subject to contracts

4 Replies

Hi everyone, I am about to structure my first subject to deal, and i am wondering where can I get a good subject to contract in order to make this deal happen? 

You can use a standard contract.

The contract should state in a financing section that the purchase is subject to the existing lien, state the mortgage, lender/note holder, date the note was made, the book and page of filing. You can initially say, with an estimated balance of__________.

Then you can state that a note is to be made for amounts owing to sellers, less any down payment if any.

If there is any difference and a note created state it is to be serviced by (state the loan servicer, select one) read up about loan servicing.

payments to the underlying mortgage to be made by buyer or loan servicer. 

Seller to convey by Special Warranty Deed subject to the existing lien mentioned.

Seller shall be named as a (pick one) co-insured/additional insured see you agent. If you're doing this under the radar with the seller's insurance, say the seller to execute an assignment of insured losses at settlement, see your` attorney or title company.

The rest should be in the standard contract, if these covenants contradict stated covenants, line out, with one single line through those parts that shall not apply, both buyers and sellers initial the beginning and end of those lines.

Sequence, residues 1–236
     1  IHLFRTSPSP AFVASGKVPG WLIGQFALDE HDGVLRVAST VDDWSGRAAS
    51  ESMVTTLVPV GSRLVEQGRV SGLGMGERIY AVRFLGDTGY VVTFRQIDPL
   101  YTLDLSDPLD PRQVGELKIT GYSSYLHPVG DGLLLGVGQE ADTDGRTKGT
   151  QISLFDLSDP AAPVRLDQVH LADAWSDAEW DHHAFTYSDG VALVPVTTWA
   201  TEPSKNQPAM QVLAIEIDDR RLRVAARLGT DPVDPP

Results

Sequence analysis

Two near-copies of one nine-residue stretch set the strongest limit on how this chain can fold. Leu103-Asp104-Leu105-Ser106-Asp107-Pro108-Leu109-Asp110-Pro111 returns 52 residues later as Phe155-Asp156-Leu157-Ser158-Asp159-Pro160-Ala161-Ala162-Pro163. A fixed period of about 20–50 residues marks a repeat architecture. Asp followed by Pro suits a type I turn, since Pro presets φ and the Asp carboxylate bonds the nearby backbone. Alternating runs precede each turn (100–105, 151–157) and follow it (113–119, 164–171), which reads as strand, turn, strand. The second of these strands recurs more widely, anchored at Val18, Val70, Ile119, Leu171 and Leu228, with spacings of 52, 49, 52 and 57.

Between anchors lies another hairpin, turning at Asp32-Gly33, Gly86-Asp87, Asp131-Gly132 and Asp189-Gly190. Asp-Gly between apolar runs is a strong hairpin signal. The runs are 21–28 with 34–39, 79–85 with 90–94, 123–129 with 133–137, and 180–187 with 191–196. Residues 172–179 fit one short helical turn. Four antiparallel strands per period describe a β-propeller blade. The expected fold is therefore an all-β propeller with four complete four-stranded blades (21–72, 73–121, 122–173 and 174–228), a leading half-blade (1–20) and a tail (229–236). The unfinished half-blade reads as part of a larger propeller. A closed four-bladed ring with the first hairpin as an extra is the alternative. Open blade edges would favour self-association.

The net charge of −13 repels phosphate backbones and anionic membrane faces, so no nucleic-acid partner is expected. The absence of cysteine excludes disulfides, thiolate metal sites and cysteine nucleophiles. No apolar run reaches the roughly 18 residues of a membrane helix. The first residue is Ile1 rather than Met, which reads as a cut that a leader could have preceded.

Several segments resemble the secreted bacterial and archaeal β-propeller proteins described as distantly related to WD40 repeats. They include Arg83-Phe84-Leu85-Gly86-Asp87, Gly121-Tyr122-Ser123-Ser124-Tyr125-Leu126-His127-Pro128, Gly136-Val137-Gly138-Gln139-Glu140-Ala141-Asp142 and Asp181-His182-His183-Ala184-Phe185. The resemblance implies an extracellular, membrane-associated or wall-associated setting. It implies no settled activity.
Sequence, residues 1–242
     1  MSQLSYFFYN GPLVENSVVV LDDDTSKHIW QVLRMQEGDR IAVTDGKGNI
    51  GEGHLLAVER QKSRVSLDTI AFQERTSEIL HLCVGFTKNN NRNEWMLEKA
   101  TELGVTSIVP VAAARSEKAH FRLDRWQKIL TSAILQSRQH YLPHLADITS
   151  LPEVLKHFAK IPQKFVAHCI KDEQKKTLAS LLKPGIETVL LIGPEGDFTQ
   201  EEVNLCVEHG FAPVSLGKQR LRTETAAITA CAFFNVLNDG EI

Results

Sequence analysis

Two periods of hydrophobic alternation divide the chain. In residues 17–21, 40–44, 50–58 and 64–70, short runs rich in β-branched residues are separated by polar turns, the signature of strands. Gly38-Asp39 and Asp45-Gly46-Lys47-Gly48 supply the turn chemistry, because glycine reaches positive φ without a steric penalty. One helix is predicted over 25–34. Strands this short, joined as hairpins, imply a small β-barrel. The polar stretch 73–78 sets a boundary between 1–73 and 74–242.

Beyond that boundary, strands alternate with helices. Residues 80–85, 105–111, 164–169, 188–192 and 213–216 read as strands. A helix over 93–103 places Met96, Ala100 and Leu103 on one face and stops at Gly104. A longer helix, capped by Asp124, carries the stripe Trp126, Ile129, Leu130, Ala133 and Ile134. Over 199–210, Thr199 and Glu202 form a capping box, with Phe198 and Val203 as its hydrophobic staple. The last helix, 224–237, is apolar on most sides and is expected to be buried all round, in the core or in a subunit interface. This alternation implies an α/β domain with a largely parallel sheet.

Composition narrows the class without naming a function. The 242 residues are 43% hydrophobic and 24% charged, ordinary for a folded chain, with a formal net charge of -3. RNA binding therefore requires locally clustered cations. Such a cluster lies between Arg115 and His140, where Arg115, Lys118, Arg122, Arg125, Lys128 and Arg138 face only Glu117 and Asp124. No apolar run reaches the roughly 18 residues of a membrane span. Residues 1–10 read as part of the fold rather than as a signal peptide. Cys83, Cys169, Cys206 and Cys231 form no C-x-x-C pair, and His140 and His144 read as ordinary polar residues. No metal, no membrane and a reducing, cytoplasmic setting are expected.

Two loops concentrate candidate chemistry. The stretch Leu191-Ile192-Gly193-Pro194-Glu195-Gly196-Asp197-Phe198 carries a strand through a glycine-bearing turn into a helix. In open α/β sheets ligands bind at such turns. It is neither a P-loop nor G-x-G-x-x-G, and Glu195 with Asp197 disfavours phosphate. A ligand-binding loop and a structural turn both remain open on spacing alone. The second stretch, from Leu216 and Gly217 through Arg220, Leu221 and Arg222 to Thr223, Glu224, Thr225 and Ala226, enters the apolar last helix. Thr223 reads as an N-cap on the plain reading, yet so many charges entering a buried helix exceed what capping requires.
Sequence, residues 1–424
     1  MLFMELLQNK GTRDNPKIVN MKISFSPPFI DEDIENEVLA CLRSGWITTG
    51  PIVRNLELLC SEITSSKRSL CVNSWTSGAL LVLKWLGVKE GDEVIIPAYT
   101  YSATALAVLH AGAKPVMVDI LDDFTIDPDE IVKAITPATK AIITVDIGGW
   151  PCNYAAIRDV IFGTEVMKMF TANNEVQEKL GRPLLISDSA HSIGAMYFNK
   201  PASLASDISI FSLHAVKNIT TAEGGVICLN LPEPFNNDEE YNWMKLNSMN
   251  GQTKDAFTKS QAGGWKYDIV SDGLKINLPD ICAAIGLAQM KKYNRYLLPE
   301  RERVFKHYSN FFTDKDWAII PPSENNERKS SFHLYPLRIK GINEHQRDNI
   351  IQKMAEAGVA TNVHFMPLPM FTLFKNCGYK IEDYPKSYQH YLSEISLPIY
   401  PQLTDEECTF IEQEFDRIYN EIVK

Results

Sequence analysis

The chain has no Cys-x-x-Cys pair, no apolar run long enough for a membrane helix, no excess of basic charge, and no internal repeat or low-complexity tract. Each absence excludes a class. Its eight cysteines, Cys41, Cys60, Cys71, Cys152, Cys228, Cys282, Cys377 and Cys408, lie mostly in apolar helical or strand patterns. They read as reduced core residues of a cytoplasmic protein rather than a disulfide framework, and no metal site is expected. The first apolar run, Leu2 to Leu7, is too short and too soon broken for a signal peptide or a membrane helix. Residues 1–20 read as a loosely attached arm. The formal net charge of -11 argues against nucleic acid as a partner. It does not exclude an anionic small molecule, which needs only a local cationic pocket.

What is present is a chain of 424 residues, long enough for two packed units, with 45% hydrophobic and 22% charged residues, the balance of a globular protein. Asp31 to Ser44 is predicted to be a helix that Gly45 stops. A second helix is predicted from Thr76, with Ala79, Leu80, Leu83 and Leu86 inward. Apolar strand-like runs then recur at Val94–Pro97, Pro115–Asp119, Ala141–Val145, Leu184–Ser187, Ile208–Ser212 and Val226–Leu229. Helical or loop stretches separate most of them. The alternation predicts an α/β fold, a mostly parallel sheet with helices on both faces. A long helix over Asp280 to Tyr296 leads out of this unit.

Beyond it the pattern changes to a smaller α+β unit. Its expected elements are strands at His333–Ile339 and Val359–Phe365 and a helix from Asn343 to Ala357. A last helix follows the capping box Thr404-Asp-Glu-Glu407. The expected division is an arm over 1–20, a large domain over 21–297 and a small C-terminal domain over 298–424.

Turn it over to your closing/title agent, if they need anything else they will tell you.

If there is a note, it can be filed with a deed of trust/mortgage in second position. It can state it is subordinate to the first taken subject to payment of that obligation. Any default in payment of the superior lien is a default of this obligation allowing the holder to seek remedies under the security agreement made of even date herewith. Again, your attorney should do this.

There are wrap contracts, can be advantages but this is generally the easy way. Your title company can tell you what is customary. A wrap note is more difficult to describe. I use a partitioned note with two sections describing the furst and the excess equity financed, see your attorney.

I suggest you see an attorney, but I know everyone wants to be a DIY'er saving 300 bucks on an investment of tens or hundreds of thousands. You may not screw anything up that can't be fixed with a few thousand going to court later on.

If this is an investment for you, have the note preparer state "COMMERCIAL NOTE" on the note, this keeps questions about new note origination requirements being less of an issue later on.

If you have usury laws that apply, you'll have some math to do. if the interest is the same on the second as the first then you're good, if the 2nd is greater then you must compute the weighted average of the entire amounts financed, this is due to the fact the seller is actually financing to you under the contract, if the total amount of the first is 87% of the total amount financed the its rate is 87% of the blended rate for usury computations, the second rate would be 13% of that blended rate.

You are not assuming the underlying mortgage, only the note holder of that note can allow an assumption of that loan, you are assuming the obligations of the underlying mortgage together with payments required as obligated by that seller/borrower. Your agreement is with the seller, not the lender That is your assumption contract provision.